Did he or apologize or didn’t he? The office of Prime Minister Benjamin Netanyahu insisted that he did. Israel’s minister of the economy, Naftali Bennett, on the other hand, declared that he had not apologized at all, but had simply issued “a clarification” when telling an audience at a conference January 29: “If the prime minister was offended, that wasn’t the intention. I respect Prime Minister Netanyahu and his leadership.”
It’s a matter of opinion. A better question, though, might be this: What did Bennett say to offend Netanyahu in the first place?
If you depended on the English-language media, you would have found yourself in a state of some uncertainty. According to The New York Times, Bennett, responding to the prime minister’s suggestion that some Jewish settlers might end up living in a Palestinian state, accused him of “the loss of [his] moral compass.” In the foreign edition of Israel’s internationally prestigious newspaper Haaretz, Bennett declared that Netanyahu was guilty of (in one version) “ethical befuddlement” and (in another) “moral confusion.” If you read The Jerusalem Post, the charge was that Netanyahu was displaying “an irrationality of values.” If you read The Washington Post, whose reporter may have been reading The Jerusalem Post, it was “irrational values.” And Israel’s right-wing news service Arutz 7 reported that Bennett blamed Netanyahu for “a panicked loss of values.”
Not that there’s an enormous difference between any of these. Still, whether you call someone irrational, confused, befuddled, panicked or lacking a moral compass might determine whether or not that person has a reasonable right to an apology. Which was it?
Bennett, of course, was speaking in Hebrew when he made his original remarks, and what he said in them was that Netanyahu was suffering from an ibud eshtonot erki. This is indeed, for two reasons, a problematic phrase to translate. The first reason for this is that the word erki is an adjective derived from erekh, “value,” and has no exact equivalent in English, in which “value” in the sense of a deeply held principle has no adjectival form. (You can say in English that something is “valued” or “valuable,” but neither of these means “based on values.”) The second reason is that the phrase ibud eshtonot is a biblical one that, still used in modern Hebrew, has undergone modifications of meaning over the centuries, thus permitting a certain latitude in translating it.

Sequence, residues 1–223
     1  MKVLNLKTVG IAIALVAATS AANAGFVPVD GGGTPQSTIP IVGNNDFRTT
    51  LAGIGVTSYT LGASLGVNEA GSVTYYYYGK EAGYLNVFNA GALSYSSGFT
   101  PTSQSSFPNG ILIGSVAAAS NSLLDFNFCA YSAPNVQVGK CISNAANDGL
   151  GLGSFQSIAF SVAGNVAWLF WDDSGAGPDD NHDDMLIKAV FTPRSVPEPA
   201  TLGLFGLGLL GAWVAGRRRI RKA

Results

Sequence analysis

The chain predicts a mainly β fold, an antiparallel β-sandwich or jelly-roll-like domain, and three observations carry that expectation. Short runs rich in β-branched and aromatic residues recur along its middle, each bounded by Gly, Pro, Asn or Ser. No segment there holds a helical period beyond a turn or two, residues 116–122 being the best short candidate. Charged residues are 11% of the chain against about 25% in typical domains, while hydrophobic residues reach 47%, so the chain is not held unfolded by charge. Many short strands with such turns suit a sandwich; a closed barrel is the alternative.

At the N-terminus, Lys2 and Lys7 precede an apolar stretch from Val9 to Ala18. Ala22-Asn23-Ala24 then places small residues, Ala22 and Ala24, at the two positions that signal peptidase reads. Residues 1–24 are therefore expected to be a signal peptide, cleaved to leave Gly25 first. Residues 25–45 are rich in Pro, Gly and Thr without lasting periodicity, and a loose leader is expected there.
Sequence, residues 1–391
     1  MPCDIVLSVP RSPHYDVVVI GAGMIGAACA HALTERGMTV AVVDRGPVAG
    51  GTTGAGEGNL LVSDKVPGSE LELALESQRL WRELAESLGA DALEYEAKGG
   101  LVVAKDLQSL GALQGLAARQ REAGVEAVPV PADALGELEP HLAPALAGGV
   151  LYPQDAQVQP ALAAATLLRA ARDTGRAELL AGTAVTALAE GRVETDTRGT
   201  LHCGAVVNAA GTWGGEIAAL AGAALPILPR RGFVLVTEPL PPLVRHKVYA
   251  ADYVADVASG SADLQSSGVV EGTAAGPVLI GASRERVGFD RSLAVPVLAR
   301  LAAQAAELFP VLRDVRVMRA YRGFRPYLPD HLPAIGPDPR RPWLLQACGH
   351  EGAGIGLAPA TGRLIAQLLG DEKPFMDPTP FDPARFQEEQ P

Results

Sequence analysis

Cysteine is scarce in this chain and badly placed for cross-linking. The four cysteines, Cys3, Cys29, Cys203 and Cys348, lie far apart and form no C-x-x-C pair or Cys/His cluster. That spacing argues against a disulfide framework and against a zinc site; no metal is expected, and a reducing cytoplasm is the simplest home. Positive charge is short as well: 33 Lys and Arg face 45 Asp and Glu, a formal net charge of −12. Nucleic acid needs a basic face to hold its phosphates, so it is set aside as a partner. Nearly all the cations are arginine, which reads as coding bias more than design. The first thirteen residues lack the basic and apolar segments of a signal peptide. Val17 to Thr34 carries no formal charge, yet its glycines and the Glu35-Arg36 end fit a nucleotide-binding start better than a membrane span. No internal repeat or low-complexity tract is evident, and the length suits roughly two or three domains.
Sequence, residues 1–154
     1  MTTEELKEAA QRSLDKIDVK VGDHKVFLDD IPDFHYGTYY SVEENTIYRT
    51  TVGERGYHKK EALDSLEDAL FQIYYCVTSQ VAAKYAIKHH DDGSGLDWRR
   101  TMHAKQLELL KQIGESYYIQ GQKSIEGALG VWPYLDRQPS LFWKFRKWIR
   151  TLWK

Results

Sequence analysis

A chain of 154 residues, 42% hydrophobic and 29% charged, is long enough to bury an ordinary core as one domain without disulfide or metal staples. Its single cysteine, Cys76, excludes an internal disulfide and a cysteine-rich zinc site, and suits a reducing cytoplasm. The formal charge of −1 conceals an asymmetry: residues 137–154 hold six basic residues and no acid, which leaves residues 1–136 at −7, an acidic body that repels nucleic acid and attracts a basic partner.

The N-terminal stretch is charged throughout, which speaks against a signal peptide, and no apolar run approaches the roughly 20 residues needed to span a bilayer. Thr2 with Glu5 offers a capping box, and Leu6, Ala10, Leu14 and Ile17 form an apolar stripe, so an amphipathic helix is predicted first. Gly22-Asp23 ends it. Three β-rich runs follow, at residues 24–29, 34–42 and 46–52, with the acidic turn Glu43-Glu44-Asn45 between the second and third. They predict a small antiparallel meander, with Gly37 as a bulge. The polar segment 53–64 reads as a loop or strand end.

This phrase occurs in the Bible in the 146th Psalm, which begins with a meditation on the brevity of life, and declares, “One’s spirit leaves one and one returns to earth; on that day, one’s thoughts [eshtonotav] are lost [avdu].” Here, to lose one’s eshtonot — a literary synonym for “thoughts,” the everyday word for which is maḥashavot — means no longer to have thoughts, because one is no longer alive to have them. In literary Hebrew, eshtonot continued to be used as a relatively rare synonym for “thoughts” until modern times. Yet in the medieval period, ibud eshtonot also came to signify not the loss of all thought, but the loss of clear or sensible thought, as in a line of verse by the 12th-century Hebrew poet and biblical commentator Abraham ibn Ezra that goes, “And one’s thoughts are lost and one’s years pass in vanity.” This usage persisted alongside the older one, so that one finds, for example, the early 19th-century Vilna intellectual Mordecai Aharon Ginzburg writing about Napoleon, in his history of the Franco-Russian war of 1812, “His plans went awry and he lost his bearings [ve’eshtonotav ovdot] in confronting the Czar’s new campaign.”
Moreover, it was the second of these two meanings that established itself in Israeli Hebrew at the same time that the first became archaic. And in modern Hebrew, this second meaning became more extreme, taking on the sense of losing, in a situation of pressure, the very capacity for clear thought — or in other words, panicking. To say of someone in Israel today “Hu ibed et ha-eshtonot” is the same as saying in English, “He panicked.”
Of all the translations of Bennett’s ibud eshtonot erki, therefore, Arutz 7’s “panicked loss of values” comes closest to conveying the phrase’s actual content and impact. It also goes furthest in its criticism. To panic under pressure is the one thing that the leader of a nation must never do. The captain of a ship may make an irrational decision or read a compass incorrectly while remaining a worthy commander, but the captain who panics should not be at the helm.
Should Bennett have apologized to Netanyahu? Not unless expressing one’s honest opinion is something to apologize for. Should Netanyahu have accepted an apology that wasn’t one? That may be the real place where he panicked. There’s more loss of values in letting a minister scornful of your behavior remain in your cabinet for reasons of political expediency than there is in thinking that Jews wishing to live in parts of the Land of Israel unretainable by the State of Israel might do so under Palestinian rule.
Questions for Philologos can be sent to firstname.lastname@example.org